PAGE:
See the red dot in the middle of this radar picture above? The pin is on Louisville. Northeast of there you will see a vertical band of two shades of green surrounded by a thin blue outline. Immediately to the right of that, where the Ohio River runs North/South, is where Lee Bottom is located. What kind of weather do you think that is?
The next photo was taken immediately after the radar screen shot. It is an actual image of what that weather radar screen shot looked like from the ground. As you can see, or I hope you can, the green blob from the radar is actually an area best described as a high altitude area of high humidity. This was the same day the farmer cut his hay and it never rained.
If you had been east of Lee Bottom wanting to go west, would you have done so?
Ultimately, today’s weather technology is so good it's quite possibly too good. For as long as most of us can remember, rain or weather was displayed as green. Now though green, and several shades of it, most often represent a level of moisture that at one time could not be detected by weather devices. Back then pilots looked to the sky, observed the color, felt the moisture, read the thermometer, and went flying. Today, they turn on some gadget, see green, and stay home.
What do these people do with their spare time? They read books about the freedom, romanticism, and daring of flight.

Monday, May 21, 2012

Another WACO Takes to the Air

Our friends up at Poplar Grove are always up to something fun. This video is a window into some of it.  The caption, "Sean Soare restores, repairs and flies his 1937 Waco YKS-7 at the Poplar Grove Airport (C77) with the first flight on the 75th birthday of the Waco!" says it all.  If you have fourteen minutes to spare, sit back and watch this version of what goes into such a project.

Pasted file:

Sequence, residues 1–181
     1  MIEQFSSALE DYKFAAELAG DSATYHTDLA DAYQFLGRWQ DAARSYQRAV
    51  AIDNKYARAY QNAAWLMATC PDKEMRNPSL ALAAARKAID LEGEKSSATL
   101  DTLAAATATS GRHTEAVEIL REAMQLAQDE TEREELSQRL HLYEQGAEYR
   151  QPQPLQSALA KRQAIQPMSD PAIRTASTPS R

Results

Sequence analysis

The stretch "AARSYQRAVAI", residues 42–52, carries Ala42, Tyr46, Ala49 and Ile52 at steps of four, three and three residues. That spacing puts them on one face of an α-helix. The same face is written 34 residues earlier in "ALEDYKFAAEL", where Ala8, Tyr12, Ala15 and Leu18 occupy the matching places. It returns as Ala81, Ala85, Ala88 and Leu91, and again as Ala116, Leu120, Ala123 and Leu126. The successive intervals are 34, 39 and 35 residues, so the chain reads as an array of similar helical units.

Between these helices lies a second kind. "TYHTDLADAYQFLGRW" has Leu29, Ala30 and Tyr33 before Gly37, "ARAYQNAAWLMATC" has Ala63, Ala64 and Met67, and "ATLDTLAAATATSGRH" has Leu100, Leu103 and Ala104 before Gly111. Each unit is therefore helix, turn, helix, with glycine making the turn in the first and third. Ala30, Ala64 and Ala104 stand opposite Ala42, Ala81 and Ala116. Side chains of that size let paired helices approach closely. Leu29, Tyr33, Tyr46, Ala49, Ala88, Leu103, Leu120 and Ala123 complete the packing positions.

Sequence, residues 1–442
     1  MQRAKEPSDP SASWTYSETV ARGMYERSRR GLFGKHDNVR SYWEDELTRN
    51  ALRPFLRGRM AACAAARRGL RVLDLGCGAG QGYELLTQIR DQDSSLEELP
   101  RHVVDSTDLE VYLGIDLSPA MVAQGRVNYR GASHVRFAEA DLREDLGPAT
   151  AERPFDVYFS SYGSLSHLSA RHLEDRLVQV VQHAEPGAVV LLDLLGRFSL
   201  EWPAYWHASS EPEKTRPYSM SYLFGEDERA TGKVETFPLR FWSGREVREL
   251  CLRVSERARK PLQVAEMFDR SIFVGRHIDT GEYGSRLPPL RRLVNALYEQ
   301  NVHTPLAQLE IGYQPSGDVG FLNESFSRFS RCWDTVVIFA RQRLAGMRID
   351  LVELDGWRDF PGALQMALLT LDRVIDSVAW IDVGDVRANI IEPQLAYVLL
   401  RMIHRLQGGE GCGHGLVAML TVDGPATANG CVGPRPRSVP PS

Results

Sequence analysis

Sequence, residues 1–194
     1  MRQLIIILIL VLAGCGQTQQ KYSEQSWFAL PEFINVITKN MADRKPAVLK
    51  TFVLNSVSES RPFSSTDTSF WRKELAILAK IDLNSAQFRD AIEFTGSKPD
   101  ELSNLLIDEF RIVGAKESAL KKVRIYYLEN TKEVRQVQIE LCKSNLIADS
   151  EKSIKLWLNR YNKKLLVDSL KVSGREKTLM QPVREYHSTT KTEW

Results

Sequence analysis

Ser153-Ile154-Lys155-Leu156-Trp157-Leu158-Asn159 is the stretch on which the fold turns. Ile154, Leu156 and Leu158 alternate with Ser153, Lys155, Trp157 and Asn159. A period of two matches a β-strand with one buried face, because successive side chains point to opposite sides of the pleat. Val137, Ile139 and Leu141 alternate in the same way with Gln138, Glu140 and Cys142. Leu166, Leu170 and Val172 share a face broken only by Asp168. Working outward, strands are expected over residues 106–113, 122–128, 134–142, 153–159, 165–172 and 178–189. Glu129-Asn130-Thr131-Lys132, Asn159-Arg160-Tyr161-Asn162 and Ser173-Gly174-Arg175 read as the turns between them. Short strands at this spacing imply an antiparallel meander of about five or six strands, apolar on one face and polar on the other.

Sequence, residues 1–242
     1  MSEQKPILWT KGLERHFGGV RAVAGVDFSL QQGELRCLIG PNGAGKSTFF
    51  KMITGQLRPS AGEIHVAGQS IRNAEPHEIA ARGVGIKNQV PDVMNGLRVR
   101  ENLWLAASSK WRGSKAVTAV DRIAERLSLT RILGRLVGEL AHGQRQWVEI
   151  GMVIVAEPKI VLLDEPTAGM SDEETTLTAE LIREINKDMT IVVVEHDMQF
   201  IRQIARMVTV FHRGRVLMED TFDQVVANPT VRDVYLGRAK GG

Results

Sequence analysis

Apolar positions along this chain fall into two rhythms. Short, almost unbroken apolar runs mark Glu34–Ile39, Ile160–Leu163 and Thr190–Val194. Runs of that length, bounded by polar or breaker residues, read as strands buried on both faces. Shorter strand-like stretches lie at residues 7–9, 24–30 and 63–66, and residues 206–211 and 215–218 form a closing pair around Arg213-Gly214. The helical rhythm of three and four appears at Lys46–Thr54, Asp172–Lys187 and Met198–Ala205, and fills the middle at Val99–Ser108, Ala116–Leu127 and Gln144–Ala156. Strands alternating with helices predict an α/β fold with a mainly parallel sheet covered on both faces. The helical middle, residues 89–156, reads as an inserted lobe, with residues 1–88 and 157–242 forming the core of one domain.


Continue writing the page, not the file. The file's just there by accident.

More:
The moral of this video:  Celebrate every step of the process and there will always be a reason to keep working.
Congratulations to Sean and the team.

Saturday, May 19, 2012

Tragedy at Toowoomba

Those damn cameras; always there to catch the most painful moments.  Here's to a speedy recovery.

Wednesday, May 2, 2012

Shoot to Kill Authorized Over Chicago?

Why would they risk asking a pilot to shoot down one of his own?  Drone Operators are experienced with such things.  Just like camera bravery, when looking through a lens or at a screen it doesn't seem as real.
News has been swirling wildly about the upcoming NATO Summit in Chicago and the accompanying “No Fly Zone”. What has everyone all worked up?  The word, or implied wording, “shoot to kill”. That may come as a shock to some of you but others have asked “Is this really any different than the usual TFR?”
Here’s what I have found. This link for a Standard TFR over Chicago is for things like sporting events; a typical TFR. Read it and you will not see any wording of shoot to kill or use of force. But, if you look at this link to the “TFR” over Chicago for the NATO Summit, you will clearly see the words “deadly force against the airborne aircraft” on the first page.
It seems it really is different from a Standard TFR and it also does seem to include the authorization to "shoot and kill" any stray airplanes.  What I can't seem to find is if there is anything similar for vehicles or people on the ground.  Maybe someone out there can lead me to it.
Whatever the case, don't be flying around Chicago during the summit held May 19-21, 2012. 

Tuesday, May 1, 2012

Lyme Disease - Could You Get It?

This is a little off topic but we wanted to pass it along to our friends. Lyme Disease is real and isn’t rare despite what your doctor may tell you. How do we know? Our dog Bair, Ginger, and our friend Larry Hagen have all recently been diagnosed with it. We mention Bair because were it not for him being diagnosed with it first, Ginger’s doctor indicated that she would have initially run other tests.